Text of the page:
Such real-world applications are not only fun to study, but “we can really learn things that will be useful for industry and help us understand the everyday world around us. It is also a great way to motivate students to be interested in science,” Reis said.

Elizabeth Thomson | alfa
Further information:
http://www.mit.edu

More articles from Studies and Analyses:

nachricht Study relating to materials testing Detecting damages in non-magnetic steel through magnetism
23.07.2018 | Technische Universität Kaiserslautern

nachricht Innovative genetic tests for children with developmental disorders and epilepsy
11.07.2018 | Christian-Albrechts-Universität zu Kiel

All articles from Studies and Analyses >>>

The most recent press releases about innovation >>>

Die letzten 5 Focus-News des innovations-reports im Überblick:

Im Focus: Color effects from transparent 3D-printed nanostructures

New design tool automatically creates nanostructure 3D-print templates for user-given colors
Scientists present work at prestigious SIGGRAPH conference

Most of the objects we see are colored by pigments, but using pigments has disadvantages: such colors can fade, industrial pigments are often toxic, and...

Im Focus: Unraveling the nature of 'whistlers' from space in the lab

A new study sheds light on how ultralow frequency radio waves and plasmas interact

Scientists at the University of California, Los Angeles present new research on a curious cosmic phenomenon known as "whistlers" -- very low frequency packets...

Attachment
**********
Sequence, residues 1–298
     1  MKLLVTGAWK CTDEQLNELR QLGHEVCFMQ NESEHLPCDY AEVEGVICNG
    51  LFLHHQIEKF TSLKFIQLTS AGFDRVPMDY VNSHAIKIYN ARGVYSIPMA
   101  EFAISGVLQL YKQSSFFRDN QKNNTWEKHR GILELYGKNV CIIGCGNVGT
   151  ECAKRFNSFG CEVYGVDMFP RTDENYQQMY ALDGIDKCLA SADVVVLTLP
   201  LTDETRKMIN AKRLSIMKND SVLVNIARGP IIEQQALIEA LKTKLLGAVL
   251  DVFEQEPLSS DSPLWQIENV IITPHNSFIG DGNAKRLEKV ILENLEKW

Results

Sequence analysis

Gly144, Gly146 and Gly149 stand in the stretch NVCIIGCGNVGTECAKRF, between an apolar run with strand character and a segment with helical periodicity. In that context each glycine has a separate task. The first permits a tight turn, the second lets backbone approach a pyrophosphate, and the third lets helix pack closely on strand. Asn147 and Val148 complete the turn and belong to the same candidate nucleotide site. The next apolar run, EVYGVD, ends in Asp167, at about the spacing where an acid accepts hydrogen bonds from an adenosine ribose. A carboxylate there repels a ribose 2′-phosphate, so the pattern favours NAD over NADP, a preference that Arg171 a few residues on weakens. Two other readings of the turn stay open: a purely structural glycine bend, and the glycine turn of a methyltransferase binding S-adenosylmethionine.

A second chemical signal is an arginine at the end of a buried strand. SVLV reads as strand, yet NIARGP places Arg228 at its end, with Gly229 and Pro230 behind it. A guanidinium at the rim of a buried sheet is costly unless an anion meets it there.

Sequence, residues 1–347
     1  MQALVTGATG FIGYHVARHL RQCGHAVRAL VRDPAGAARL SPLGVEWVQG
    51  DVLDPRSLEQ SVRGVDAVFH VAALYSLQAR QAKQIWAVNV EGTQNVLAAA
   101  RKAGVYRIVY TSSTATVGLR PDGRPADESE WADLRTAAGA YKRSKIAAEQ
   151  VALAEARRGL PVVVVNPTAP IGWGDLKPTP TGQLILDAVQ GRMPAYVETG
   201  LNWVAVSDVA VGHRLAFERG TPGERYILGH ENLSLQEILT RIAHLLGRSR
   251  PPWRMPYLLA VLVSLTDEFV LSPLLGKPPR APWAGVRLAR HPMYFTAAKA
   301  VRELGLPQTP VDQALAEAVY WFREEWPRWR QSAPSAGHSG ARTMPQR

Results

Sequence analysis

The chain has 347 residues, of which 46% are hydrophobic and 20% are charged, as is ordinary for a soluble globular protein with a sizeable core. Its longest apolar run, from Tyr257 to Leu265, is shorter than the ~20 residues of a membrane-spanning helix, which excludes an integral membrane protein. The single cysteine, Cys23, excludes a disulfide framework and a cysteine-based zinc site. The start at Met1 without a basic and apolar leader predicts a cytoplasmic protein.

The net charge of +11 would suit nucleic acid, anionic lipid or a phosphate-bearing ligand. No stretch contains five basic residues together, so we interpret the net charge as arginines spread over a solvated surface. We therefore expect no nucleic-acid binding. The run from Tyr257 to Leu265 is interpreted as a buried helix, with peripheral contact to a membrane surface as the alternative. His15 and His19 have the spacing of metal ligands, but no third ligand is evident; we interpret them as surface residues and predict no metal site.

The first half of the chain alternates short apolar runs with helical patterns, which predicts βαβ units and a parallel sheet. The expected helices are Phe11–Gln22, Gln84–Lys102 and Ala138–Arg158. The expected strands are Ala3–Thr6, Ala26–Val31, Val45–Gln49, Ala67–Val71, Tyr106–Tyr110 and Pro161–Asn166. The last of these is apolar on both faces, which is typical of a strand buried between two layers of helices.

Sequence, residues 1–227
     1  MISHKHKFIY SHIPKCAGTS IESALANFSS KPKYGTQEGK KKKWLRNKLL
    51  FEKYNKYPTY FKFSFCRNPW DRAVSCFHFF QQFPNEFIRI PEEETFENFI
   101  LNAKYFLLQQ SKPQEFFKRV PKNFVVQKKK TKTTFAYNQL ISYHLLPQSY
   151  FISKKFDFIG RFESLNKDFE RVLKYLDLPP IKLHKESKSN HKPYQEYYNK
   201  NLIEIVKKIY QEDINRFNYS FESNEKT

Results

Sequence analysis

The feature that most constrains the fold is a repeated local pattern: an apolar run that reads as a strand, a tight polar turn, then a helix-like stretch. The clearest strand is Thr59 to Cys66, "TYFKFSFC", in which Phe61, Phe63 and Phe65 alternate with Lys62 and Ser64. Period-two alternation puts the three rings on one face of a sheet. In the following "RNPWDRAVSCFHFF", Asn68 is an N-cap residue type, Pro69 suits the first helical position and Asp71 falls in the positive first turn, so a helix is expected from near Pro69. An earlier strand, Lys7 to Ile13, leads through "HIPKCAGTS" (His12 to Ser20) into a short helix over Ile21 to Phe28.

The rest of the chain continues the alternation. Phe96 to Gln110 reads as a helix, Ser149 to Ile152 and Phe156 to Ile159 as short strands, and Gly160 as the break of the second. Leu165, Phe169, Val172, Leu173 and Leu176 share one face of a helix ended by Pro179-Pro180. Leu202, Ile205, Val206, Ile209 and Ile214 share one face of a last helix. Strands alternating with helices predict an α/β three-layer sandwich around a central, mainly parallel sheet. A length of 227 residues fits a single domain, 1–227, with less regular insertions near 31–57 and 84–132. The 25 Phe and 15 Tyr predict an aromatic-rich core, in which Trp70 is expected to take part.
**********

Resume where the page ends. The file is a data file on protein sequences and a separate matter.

Im Focus: New interactive machine learning tool makes car designs more aerodynamic

Scientists develop first tool to use machine learning methods to compute flow around interactively designable 3D objects. Tool will be presented at this year’s prestigious SIGGRAPH conference.

When engineers or designers want to test the aerodynamic properties of the newly designed shape of a car, airplane, or other object, they would normally model...

Im Focus: Robots as 'pump attendants': TU Graz develops robot-controlled rapid charging system for e-vehicles

Researchers from TU Graz and their industry partners have unveiled a world first: the prototype of a robot-controlled, high-speed combined charging system (CCS) for electric vehicles that enables series charging of cars in various parking positions.

Global demand for electric vehicles is forecast to rise sharply: by 2025, the number of new vehicle registrations is expected to reach 25 million per year....

Im Focus: The “TRiC” to folding actin

Proteins must be folded correctly to fulfill their molecular functions in cells. Molecular assistants called chaperones help proteins exploit their inbuilt folding potential and reach the correct three-dimensional structure. Researchers at the Max Planck Institute of Biochemistry (MPIB) have demonstrated that actin, the most abundant protein in higher developed cells, does not have the inbuilt potential to fold and instead requires special assistance to fold into its active state. The chaperone TRiC uses a previously undescribed mechanism to perform actin folding. The study was recently published in the journal Cell.

Actin is the most abundant protein in highly developed cells and has diverse functions in processes like cell stabilization, cell division and muscle...

All Focus news of the innovation-report >>>

Anzeige

Anzeige

VideoLinks
Industry & Economy
Event News

LaserForum 2018 deals with 3D production of components

17.08.2018 | Event News

Within reach of the Universe

08.08.2018 | Event News

A journey through the history of microscopy – new exhibition opens at the MDC

27.07.2018 | Event News

 
Latest News

Smallest transistor worldwide switches current with a single atom in solid electrolyte

17.08.2018 | Physics and Astronomy

Robots as Tools and Partners in Rehabilitation

17.08.2018 | Information Technology

Climate Impact Research in Hannover: Small Plants against Large Waves

17.08.2018 | Life Sciences

VideoLinks
Science & Research
Overview of more VideoLinks >>>